A Guide to Ptosis Correction in Singapore
Ptosis is an eye condition where the upper eyelids sag or droop over the eyes. Ptosis can cause either restricted or total blindness depending on the extent to which the eyeballs’ pupils are covered. The condition is fortunately treatable, and most cases of Ptosis will require an eye surgery (https://www.artisanplasticsurgery.sg/procedures/ptosis), depending on the severity for Ptosis correction. Continue reading to learn more about Ptosis and Ptosis correction.
Ptosis can affect both adults and children. The condition can occur in babies where one or both eyelids are affected and the affected children may require careful inspection of the eyelids. Ptosis in children is brought on by undeveloped muscles or nerves that govern the muscles that lift the eyelids upon birth. Ptosis can also develop later in life where the nerves, and muscles that support or lift the eyelids weaken either due to injury or diseases like diabetes, Horner’s syndrome (a rare neurological condition that affects one side of the eye and the area around it) and stroke. Moreover, ptosis develops over time as people age because their muscles, including those around their eyes, weaken and stretch as well. This causes their eyelids to droop.
Aside from the obvious droop if the eyelids in one or both eyes, here are other symptoms observed on people with Ptosis:
- Because Ptosis can affect vision, people suffering from it are looking at objects by tilting their head back or by squinting
- Having frequent eye strains
- Aching eyebrows
- Getting eye fatigue when reading
- Looking tired
- Obstructed vision partially or complete
- Having trouble in keeping eyes open
- Having double vision
Ptosis or the eyelid drooping in itself is not painful but pain (e.g. headache) can come from symptoms like eye strain and eye fatigue.
Ptosis can affect everyone, however those who have the following conditions are more susceptible to developing it:
- Being Male – statistics and studies have shown that males are likely develop Ptosis than females as they age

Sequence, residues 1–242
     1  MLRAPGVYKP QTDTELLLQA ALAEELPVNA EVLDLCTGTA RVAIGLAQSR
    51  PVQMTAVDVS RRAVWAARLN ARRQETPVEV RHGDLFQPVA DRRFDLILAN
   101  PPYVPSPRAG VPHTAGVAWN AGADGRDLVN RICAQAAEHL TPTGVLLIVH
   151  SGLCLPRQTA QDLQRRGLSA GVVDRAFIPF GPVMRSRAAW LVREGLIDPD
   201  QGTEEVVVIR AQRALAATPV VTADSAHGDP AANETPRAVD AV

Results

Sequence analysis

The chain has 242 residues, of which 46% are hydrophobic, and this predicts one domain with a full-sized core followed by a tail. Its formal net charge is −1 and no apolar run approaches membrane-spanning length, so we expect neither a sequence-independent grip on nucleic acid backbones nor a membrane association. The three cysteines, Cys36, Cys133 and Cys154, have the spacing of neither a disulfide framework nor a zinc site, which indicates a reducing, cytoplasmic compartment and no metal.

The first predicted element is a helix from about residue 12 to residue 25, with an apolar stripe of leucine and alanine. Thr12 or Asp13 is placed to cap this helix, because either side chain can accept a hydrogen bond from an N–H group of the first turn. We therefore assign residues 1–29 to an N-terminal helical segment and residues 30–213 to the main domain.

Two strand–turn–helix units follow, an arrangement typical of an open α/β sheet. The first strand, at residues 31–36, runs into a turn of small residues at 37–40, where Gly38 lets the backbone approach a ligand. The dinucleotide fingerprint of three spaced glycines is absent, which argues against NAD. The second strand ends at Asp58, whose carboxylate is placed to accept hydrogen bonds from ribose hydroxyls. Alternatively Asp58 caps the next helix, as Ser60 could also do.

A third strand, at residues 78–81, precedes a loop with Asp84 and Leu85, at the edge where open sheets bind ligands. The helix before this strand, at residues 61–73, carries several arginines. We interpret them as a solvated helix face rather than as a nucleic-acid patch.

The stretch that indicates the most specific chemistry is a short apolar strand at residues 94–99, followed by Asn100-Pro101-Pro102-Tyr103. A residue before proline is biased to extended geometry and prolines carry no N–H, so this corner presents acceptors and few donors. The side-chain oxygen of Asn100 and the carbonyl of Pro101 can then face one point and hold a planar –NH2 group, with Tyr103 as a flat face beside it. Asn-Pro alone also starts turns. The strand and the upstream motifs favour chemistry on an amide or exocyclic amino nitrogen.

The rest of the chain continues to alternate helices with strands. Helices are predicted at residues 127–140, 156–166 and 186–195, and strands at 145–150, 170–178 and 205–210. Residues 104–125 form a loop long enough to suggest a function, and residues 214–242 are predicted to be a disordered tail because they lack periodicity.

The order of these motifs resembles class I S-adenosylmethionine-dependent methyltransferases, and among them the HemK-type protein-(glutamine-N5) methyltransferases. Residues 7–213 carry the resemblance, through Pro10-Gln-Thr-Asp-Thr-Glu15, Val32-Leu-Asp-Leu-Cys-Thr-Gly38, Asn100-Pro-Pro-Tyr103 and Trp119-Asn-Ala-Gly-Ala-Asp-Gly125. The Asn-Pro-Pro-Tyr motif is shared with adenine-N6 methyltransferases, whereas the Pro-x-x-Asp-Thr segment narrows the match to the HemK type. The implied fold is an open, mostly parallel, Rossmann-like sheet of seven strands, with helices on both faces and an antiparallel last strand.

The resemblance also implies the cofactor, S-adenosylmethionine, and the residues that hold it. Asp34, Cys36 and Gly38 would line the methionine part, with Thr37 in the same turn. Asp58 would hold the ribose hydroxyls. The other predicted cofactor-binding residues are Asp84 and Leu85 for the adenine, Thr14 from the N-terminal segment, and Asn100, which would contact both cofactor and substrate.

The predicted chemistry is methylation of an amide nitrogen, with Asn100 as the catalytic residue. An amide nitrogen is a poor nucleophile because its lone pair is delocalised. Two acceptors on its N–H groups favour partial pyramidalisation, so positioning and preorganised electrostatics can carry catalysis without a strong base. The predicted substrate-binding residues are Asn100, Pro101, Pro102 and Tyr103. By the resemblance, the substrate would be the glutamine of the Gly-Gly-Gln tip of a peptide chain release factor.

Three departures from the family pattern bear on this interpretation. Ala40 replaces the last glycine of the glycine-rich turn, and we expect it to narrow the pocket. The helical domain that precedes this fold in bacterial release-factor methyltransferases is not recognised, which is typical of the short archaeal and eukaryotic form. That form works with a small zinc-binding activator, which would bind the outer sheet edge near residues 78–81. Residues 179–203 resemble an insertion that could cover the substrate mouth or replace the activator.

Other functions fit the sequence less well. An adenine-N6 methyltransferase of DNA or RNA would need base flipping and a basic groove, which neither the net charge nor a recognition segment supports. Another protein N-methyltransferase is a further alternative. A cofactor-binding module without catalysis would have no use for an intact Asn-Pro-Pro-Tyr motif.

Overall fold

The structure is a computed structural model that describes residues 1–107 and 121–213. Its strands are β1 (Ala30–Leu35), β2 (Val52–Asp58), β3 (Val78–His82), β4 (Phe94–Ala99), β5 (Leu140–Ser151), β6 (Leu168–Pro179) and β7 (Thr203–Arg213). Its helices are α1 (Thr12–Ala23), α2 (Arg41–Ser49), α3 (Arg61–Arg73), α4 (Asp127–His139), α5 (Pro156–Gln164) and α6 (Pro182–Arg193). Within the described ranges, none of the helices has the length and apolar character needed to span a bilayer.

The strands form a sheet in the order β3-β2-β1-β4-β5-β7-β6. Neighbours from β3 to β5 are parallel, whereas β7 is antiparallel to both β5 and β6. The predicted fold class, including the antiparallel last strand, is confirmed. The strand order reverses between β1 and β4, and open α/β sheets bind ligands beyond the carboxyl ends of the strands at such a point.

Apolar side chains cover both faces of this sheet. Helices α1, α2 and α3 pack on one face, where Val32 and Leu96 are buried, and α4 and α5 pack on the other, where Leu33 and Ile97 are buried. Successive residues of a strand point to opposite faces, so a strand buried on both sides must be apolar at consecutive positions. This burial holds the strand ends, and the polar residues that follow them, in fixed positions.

- Wearing contact lenses or Rubbing eyes frequently – these practices have a tendency to overstretch the muscles, ligaments, and skin around the eyes, eventually causing them to sag or droop
- Having a history of eye surgery – the eyelids may have been overstretched by the instruments or tools used during a previous eye surgery, that could result in sagging or drooping
- Being Old – age, as previously discussed, weakens muscles and skin, making older people more likely to have ptosis than younger people, unless it’s caused by an injury or a sickness.
Diagnosis of Ptosis in Singapore comprises a lot of essential elements of a full eye examination. The diagnosis will involve a careful examination of the eyelids which will include tests like measurement of the eyelid height and strength of the muscles supporting the eyelids. The Marginal reflex distance (MRD) is one important method used to check for Ptosis and its severity. MRD is used to measure the distance between the upper eyelid and the center of the cornea. The data collected from MRD will likewise be used as reference to properly categorize Ptosis: a value of 2 millimeters of droop is considered as Mild Ptosis, a 3 millimeters of droop is Moderate Ptosis and 4 millimeters and up of droop is considered as Severe Ptosis.